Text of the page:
May 10, 2022

Python Math Module Guide (22 Examples and 18 Functions)

Using the Math Library in Python

Using The math Module in Python

math is a built-in module in the Python 3 standard library that provides standard mathematical constants and functions. You can use the math module to perform various mathematical calculations, such as numeric, trigonometric, logarithmic, and exponential calculations.

This tutorial will explore the common constants and functions implemented in the math module — and how to use them.

The math Module Constants

There are several built-in constants in the math module. We’ll cover some of the most important constants in this section.

math.pi

The number 𝜋 is a mathematical constant, approximately equal to 3.14159. After importing the math module, you just need to write math.pi to access the 𝜋 number:

import math
print(math.pi)
3.141592653589793

Let’s use the 𝜋 number to calculate the area of a circle. The formula for calculating a circle area is as follows:

$Area = \pi r^2$

import math
def circle_area(r):
    return math.pi*r**2
radius = 3
print("Area =", circle_area(radius))
Area = 28.274333882308138

math.tau

The τ constant returns an almost precise value of $2\pi$. Let’s print its value:

print(math.tau)
6.283185307179586

math.e

We can access the number e (or the Euler’s number) simply by using the math.e constant:

print(math.e)
2.718281828459045

math.nan

The math.nan constant stands for Not a Number, and it can initialize those variables that aren’t numbers. Technically, the data type of the math.nan constant is float; however, it’s not considered a valid number.

print(math.nan)
print(type(math.nan))
nan
<class 'float'>

math.inf

The math.inf constant represents a floating-point positive infinity. It can represent both positive infinity and negative infinity constants, as follows:

print(math.inf)
print(-math.inf)
inf
-inf

The math Module Functions

The math module provides a wide range of mathematical functions for many different scientific and engineering applications, including the following:

  • Number functions
  • Power and logarithmic functions
  • Trigonometric functions
  • Angular conversion functions
  • Hyperbolic functions
  • and some special functions

However, we will only discuss the most important ones in this section. Let’s explore them.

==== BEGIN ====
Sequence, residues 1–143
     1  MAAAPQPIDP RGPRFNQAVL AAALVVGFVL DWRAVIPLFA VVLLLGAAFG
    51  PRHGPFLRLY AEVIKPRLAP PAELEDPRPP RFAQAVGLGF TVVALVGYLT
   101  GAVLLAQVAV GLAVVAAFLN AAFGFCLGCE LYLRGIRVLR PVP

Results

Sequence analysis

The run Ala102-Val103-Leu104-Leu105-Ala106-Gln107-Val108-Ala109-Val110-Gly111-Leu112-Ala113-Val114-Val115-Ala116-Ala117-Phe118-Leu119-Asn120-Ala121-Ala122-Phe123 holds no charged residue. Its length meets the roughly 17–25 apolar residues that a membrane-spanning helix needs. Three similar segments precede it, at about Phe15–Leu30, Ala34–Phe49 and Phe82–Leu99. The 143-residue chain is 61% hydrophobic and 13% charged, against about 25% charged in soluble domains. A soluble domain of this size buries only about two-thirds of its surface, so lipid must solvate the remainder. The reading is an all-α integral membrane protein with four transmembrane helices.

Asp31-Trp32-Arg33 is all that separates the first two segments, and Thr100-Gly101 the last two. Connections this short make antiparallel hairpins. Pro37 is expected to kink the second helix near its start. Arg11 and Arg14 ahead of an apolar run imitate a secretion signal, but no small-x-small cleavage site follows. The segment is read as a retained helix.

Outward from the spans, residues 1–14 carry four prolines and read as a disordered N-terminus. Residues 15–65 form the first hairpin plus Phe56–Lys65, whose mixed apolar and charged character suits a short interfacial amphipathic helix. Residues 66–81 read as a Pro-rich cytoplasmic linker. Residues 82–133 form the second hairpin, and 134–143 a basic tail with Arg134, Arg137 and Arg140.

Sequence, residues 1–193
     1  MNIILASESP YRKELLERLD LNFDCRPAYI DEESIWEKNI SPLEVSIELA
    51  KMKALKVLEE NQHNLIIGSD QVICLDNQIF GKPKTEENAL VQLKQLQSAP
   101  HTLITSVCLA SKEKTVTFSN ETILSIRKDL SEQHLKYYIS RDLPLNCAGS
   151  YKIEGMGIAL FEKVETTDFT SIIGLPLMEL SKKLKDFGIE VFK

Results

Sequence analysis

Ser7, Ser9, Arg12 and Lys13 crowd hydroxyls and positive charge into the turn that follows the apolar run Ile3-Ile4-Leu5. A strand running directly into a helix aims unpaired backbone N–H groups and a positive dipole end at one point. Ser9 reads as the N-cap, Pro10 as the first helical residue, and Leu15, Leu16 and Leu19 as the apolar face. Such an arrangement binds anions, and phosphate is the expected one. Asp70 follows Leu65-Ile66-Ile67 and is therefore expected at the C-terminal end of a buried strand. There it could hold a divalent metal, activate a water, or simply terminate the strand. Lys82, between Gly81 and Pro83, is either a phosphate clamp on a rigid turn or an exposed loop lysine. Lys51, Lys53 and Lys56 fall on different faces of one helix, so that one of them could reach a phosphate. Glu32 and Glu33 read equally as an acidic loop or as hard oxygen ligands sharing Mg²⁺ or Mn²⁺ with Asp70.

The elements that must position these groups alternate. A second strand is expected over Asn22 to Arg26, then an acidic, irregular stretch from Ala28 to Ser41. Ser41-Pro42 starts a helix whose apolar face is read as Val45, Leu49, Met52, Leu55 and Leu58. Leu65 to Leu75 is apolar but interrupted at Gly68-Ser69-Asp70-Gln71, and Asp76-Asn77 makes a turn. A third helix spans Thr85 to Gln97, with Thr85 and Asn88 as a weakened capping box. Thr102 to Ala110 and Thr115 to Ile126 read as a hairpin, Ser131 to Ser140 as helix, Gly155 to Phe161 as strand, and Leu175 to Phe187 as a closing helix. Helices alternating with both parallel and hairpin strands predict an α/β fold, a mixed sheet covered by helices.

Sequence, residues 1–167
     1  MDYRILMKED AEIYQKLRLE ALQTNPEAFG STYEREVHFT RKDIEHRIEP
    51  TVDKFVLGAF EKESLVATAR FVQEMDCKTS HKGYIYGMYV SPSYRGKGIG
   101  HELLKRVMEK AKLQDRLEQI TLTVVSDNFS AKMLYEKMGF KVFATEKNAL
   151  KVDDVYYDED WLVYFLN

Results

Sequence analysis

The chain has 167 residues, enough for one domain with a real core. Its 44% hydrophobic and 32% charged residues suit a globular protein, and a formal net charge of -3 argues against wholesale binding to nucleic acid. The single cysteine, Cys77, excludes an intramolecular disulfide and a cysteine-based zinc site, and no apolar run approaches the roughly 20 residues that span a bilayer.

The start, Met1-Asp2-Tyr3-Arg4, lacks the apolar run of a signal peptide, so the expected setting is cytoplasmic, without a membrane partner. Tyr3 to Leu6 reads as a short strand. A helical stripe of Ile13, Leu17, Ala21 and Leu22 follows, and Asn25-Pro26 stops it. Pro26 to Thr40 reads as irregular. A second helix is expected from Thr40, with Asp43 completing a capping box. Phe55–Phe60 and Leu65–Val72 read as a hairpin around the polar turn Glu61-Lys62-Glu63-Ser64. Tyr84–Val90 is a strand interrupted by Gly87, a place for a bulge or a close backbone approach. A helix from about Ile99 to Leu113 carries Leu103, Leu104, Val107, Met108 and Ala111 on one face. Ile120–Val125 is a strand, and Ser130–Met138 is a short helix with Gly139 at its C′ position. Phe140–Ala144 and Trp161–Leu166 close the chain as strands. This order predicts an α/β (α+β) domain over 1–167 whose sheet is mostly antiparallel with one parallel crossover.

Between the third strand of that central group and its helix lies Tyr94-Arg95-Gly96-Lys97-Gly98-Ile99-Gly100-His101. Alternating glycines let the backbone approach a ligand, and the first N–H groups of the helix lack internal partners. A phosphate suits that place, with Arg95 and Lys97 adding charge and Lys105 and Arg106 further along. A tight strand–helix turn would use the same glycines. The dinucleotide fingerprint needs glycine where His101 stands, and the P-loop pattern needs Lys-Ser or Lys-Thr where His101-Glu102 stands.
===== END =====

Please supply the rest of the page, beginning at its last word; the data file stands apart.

Number Functions

math.ceil()

The math.ceil() method maps a floating-point number to the smallest succeeding integer:

p = 10.1
print(math.ceil(p))
11

math.floor()

The math.floor() method maps a floating-point number to the greatest preceeding integer:

q = 9.99
print(math.floor(q))
9

math.factorial()

The math.factorial(n) method returns the product of all natural numbers less than or equal to n, if n a positive integer. However, if n = 0, it returns 1. The code below uses the math.factorial() to calculate $5!$:

n = 5
print("{}! = {}".format(n, math.factorial(n)))
5! = 120

math.gcd()

The math.gcd() method returns the greatest common denominator for two numbers; we can use it to reduce fractions.

For example, the GCD for 25 and 120 is 5, so we can divide the numerator and denominator by 5 to get a reduced fraction (e.g., $\frac{25}{120} = \frac{5}{24}$). Let’s see how it works:

gcd = math.gcd(25, 120)
print(gcd)
5

math.fabs()

The math.fabs() method removes the negative sign of a given number, if any, and returns its absolute value as a float:

print(math.fabs(-25))
25.0

Power and Logarithmic Functions

math.pow()

The math.pow() method returns a floating-point value representing the value of x to the power of y $(x^y)$. Let’s try the math.pow() method by forecasting an investment. To do that, we need to know the initial deposit, the annual interest rate, and the number of years that you invest your money in an investment account. Finally, by using the following formula, we can calculate the final amount of the investment:

${amount} = deposit(1+interest)^{years}$

For example, consider the following values:

  • Initial deposit: $10,000
  • Annual interest rate: 4%
  • Number of years: 5

The code calculates the final amount deposited in the investment account after five years: